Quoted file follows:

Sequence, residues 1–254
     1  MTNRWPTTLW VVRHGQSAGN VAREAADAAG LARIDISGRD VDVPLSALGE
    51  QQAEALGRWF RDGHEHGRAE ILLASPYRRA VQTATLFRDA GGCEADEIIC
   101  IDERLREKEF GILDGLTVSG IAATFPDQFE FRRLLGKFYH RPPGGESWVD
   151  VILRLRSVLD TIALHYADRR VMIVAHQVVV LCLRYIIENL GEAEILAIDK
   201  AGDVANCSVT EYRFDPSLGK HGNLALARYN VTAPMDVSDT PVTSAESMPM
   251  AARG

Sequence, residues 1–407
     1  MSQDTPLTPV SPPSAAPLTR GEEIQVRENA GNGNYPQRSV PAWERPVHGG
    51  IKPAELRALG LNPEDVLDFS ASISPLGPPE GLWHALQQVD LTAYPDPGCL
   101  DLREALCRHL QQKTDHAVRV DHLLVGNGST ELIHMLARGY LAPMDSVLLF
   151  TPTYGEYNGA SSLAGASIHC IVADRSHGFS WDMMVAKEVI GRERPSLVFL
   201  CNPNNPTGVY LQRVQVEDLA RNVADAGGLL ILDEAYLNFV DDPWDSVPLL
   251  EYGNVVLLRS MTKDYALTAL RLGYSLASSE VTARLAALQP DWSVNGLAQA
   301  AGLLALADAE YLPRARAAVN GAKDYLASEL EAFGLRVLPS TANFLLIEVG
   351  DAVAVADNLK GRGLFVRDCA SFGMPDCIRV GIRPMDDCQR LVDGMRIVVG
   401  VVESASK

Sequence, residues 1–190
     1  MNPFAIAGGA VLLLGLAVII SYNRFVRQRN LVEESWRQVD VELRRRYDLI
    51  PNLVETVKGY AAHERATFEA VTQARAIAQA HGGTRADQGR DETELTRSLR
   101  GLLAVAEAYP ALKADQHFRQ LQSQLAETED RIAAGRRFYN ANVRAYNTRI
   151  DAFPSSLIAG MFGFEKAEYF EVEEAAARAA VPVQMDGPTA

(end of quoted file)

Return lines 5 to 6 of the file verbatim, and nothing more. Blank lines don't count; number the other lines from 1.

   151  VILRLRSVLD TIALHYADRR VMIVAHQVVV LCLRYIIENL GEAEILAIDK
   201  AGDVANCSVT EYRFDPSLGK HGNLALARYN VTAPMDVSDT PVTSAESMPM